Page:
On May 4, 2018, Governor Murphy signed into law legislation which permits local New Jersey taxing authorities to establish charitable funds the purpose of which, if the plan works, is to help NJ taxpayers avoid the recently-enacted federal law which limits an individual’s deduction for state and local taxes to $10,000 per year.
Under NJ’s new law, individuals would make federally-tax-deductible “charitable contributions” to these “charitable funds” in lieu of paying taxes. In return, they would receive “property tax credits.”
In other words, rather than making a direct “payment of taxes” (the deductibility of which is now limited), individuals would, if respected by the IRS, be treated as having made charitable contributions (the deductibility of which is not limited by the recent federal tax legislation).
As the old saying goes, “if it sounds too good to be true, it probably is.”
It is possible that the IRS will accept these charitable contribution deductions, but we are not confident that the IRS will respect them for the simple reason that a deductible charitable contribution is one that is made without the expectation of anything in return. Here, there is a clear expectation of a valuable return – the receipt of a “property tax credit” which will allow the “donor” to avoid paying some or all of his property taxes.
The IRS is aware of these sorts of efforts, which are now sponsored by several states. Earlier this week, the IRS issued Notice 2018-54 in which it announced that it will be issuing regulations which address the federal income tax treatment of payments for which taxpayers receive a credit against their state and local taxes:
“In response to this new limitation [on the deductibility of state and local taxes] some state legislatures are considering or have adopted legislative proposals that would allow taxpayers to make transfers to funds controlled by state or local governments, or other transferees specified by the state, in exchange for credits against the state or local taxes that the taxpayer is required to pay. The aim of these proposals is to allow taxpayers to characterize such transfers as fully deductible charitable contributions for federal income tax purposes, while using the same transfers to satisfy state or local tax liabilities.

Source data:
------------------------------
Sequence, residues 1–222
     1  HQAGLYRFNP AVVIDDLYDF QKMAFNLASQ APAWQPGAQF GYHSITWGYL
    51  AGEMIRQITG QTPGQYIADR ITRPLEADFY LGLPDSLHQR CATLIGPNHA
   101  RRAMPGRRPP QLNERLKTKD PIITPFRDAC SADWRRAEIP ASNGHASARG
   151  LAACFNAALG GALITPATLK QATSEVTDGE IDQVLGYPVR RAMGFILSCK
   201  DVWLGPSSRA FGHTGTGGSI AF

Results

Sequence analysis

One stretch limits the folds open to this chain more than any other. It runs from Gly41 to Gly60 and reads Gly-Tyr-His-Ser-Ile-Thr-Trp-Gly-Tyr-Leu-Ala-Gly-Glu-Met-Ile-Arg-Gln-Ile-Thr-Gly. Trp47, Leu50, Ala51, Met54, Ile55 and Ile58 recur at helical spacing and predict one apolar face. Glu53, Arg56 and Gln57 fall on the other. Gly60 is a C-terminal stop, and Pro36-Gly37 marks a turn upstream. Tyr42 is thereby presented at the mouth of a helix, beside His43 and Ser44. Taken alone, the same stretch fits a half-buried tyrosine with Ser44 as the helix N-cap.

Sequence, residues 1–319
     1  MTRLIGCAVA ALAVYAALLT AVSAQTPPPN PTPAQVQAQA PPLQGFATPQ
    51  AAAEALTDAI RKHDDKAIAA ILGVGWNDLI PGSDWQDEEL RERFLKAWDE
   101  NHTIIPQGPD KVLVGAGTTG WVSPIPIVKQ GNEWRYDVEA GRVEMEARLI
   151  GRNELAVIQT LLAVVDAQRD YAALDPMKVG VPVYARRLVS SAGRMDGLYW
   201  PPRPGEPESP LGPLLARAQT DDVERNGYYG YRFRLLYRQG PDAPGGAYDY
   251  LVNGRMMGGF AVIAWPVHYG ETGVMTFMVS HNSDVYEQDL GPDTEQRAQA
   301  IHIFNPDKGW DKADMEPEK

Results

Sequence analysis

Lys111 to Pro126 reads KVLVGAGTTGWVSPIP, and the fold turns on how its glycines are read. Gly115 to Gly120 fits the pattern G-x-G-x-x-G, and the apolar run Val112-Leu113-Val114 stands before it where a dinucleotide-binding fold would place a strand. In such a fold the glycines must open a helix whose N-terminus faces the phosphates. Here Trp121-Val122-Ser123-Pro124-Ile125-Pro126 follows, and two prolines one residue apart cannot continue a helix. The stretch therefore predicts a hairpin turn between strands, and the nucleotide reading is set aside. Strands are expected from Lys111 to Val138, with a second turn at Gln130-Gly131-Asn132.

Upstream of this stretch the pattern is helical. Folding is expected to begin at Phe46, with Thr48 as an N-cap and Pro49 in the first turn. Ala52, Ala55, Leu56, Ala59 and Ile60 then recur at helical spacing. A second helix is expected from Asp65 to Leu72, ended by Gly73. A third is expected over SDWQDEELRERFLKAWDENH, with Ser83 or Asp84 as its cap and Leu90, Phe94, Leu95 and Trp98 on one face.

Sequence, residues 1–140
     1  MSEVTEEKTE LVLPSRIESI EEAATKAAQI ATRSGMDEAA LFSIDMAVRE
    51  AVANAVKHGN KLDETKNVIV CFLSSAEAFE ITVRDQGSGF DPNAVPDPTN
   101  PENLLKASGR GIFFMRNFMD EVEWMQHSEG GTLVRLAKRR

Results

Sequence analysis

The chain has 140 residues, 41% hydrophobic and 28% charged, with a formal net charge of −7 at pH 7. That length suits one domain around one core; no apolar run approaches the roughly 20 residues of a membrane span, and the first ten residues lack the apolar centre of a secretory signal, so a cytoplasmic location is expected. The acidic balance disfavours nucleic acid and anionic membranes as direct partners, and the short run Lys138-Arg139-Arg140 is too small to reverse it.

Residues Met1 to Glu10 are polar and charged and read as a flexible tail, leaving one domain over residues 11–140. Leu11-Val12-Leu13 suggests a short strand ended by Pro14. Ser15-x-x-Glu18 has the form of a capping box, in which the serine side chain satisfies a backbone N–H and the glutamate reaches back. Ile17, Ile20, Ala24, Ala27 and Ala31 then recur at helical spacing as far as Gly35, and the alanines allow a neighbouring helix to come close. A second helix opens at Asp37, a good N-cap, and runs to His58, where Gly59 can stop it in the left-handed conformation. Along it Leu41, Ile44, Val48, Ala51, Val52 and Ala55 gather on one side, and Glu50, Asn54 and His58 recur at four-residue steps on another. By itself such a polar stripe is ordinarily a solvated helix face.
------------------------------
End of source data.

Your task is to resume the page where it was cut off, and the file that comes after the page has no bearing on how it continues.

“Despite these state efforts to circumvent the new statutory limitation on state and local tax deductions, taxpayers should be mindful that federal law controls the proper characterization of payments for federal income tax purposes.
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“The proposed regulations will make clear that the requirements of the Internal Revenue Code, informed by substance-over-form principles, govern the federal income tax treatment of such transfers.” (Emphasis added).
It is our advice that people not make contributions to the New Jersey or other state charitable funds until such time as the IRS issues the proposed regulations, which hopefully will clearly articulate the rules governing the deductibility of these “charitable contributions.”
If you have any questions in this regard, please do not hesitate to contact Tiffany Donio at firstname.lastname@example.org or Gordon F. Moore at email@example.com or any member of our Tax Group in Haddonfield, N.J., at (856) 795-2121, in Princeton, N.J., at (609) 580-3700, in Hackensack, N.J., at (201) 342-6000, in Philadelphia, Pa., at (215) 963-3300, New York, N.Y. at (212) 682-4940 or in Wilmington, Del., at (302) 777-4350.
DISCLAIMER: This client advisory is for general information purposes only. It does not constitute legal or tax advice, and may not be used and relied upon as a substitute for legal or tax advice regarding a specific issue or problem. Advice should be obtained from a qualified attorney or tax practitioner licensed to practice in the jurisdiction where that advice is sought.